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UD351_04 - c 2004 David Russell Luke MATH351 Engineering...

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c 2004 David Russell Luke MATH351: Engineering Mathematics I (Autumn 2004) D. Russell Luke Lecture notes to follow Advanced Engineering Mathematics, 2nd Ed. by Michael Greenberg University of Delaware Autumn 2004 Department: Mathematics
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TABLE OF CONTENTS List of Figures 2 List of Tables 3 Chapter 1: Introduction to Di ff erential Equations 1 1.1 Introduction . . . . . . . . . . . . . . . . . . . . . . . . . . . . . . . . 1 1.2 Definitions . . . . . . . . . . . . . . . . . . . . . . . . . . . . . . . . . 2 Chapter 2: First Order Di ff erential Equations 6 2.1 Introduction . . . . . . . . . . . . . . . . . . . . . . . . . . . . . . . . 6 2.2 Linear Equations . . . . . . . . . . . . . . . . . . . . . . . . . . . . . 6 2.3 Examples and Applications . . . . . . . . . . . . . . . . . . . . . . . 10 2.4 Separation of Variables . . . . . . . . . . . . . . . . . . . . . . . . . . 10 2.5 Exact equations . . . . . . . . . . . . . . . . . . . . . . . . . . . . . . 12 Chapter 3: Second Order Di ff erential Equations 14 3.1 Linear Dependence and Linear Independence . . . . . . . . . . . . . . 14 3.2 n -th Order Linear Homogeneous Equations: the general solution . . . 15 3.3 Solution of the Homogeneous Equation: constant coe cients . . . . . 17 3.4 A Scandalously Terse Treatment of the Harmonic Oscillator . . . . . 20 3.5 Solution of the n -th Order Inhomogeneous Equation with constant co- e cients . . . . . . . . . . . . . . . . . . . . . . . . . . . . . . . . . . 21 1
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LIST OF FIGURES 2
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LIST OF TABLES 3
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1 Chapter 1 INTRODUCTION TO DIFFERENTIAL EQUATIONS 1.1 Introduction 1. Newton’s second law of motion: acceleration = Force/mass m d 2 x dt 2 = F ( t ) where x ( t ) = spatial location and F ( t ) = force . (1.1) Integrate once to get: 2. Newton’s First Law of Motion: “An object in motion tends to stay in motion unless acted on by an outside force” (inertia). m dx dt = F 0 t + A. (1.2) Integrate once to get: 3. Ballistic path mx = 1 2 F 0 t 2 + At + B. (1.3) It’s not always so easy to solve di ff -eq’s: Example 1.1.1 m d 2 x dt 2 = kx ( t ) + F ( t ) . Formally, integration yields m dx dt + k x ( t ) dt = F ( t ) dt + A.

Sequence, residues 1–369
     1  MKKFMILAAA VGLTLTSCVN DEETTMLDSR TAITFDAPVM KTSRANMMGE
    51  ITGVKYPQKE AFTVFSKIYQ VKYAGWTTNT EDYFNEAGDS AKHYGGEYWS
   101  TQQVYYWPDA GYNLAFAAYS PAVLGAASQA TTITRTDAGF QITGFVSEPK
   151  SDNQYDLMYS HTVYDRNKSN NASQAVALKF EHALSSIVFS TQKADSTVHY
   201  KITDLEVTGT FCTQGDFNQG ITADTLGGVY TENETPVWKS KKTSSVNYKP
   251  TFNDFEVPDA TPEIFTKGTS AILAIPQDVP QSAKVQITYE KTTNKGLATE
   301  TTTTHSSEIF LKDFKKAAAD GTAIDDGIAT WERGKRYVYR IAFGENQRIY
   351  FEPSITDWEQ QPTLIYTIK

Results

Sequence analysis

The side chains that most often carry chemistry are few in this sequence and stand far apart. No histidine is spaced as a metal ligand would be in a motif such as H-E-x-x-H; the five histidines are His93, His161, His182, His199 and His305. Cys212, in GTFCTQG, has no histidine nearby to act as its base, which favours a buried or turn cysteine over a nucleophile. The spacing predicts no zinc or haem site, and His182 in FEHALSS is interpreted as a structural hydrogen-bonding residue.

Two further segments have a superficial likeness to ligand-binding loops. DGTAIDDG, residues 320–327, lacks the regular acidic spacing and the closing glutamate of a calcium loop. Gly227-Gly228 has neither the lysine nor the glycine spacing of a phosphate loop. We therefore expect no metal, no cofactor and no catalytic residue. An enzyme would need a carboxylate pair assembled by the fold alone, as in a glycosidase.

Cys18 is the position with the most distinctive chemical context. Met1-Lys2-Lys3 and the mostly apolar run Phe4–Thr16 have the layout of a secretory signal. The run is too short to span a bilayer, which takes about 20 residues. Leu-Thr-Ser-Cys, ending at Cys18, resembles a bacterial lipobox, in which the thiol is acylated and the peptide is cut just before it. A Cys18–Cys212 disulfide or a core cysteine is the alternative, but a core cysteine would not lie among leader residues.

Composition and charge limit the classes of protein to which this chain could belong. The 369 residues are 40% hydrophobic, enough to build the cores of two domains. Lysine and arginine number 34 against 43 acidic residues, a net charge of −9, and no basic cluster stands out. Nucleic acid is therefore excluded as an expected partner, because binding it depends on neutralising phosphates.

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2 1.2 Definitions ODE’s and PDE’s Systems of DE’s Operator notation Order Solution (on a domain) existence uniqueness (non)linear di ff eq’s (non)homogeneous di ff eq’s Initial- and boundary-value problems Definition 1.2.1 Ordinary Di ff erential Equations : “one dimensional” di ff eren- tial equations. Example 1.2.2 (ODE’s) 1. m=mass, x=displacement, k=spring sti ff ness, F=applied force: m d 2 x dt 2 + kx = F ( t ) , (Mass/Spring with restoring force) . (1.4) 2. i=current, L=inductance, C=capacitance, E=applied voltage: L d 2 i dt 2 + 1 C i = dE dt , (Electrical Circuit) . (1.5) 3. θ =angular motion, l=pendulum length, g=gravity: d 2 θ dt 2 + g l sin θ = 0 , (Pendulum) . (1.6)
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3 4. x=population, c=birth/death rate: d 2 x dt 2 = cx, (Population growth) . (1.7) 5. y=deflection, C=mass density constant: d 2 y dx 2 = C 1 + d 2 y dx 2 , (String equation) . (1.8) 6. y=deflection, w=mass loading, E&I=beam material constants: EI d 4 y dx 4 = w ( x ) , (Beam equation) . (1.9) 7. Systems of ODE’s: dx dt = ( a + b ) x + cy + dz dy dt = ax ( c + e ) y + fz (1.10) dx dt = gx + ey ( d + h ) z. describes the reactions of 3 di ff erent chemical compounds with di ff erent rate constants a, b, c, d, e, f, g, h . Definition 1.2.3 Partial Di ff erential Equations : “multi dimensional” di ff eren- tial equations. Example 1.2.4 (PDE’s) 1. u ( x, t ) = time varying heat distribution, α = di ff usivity: α 2 2 u x 2 = u t , (Heat equation) . (1.11) 2. u ( x, y, z ) = steady-state temperature distribution: 2 u x 2 + 2 u y 2 + 2 u z 2 = u = · u = 0 , (Laplace’s Equation) . (1.12)
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4 3. u ( x, y, t ) = vibrating membrane: c 2 2 u
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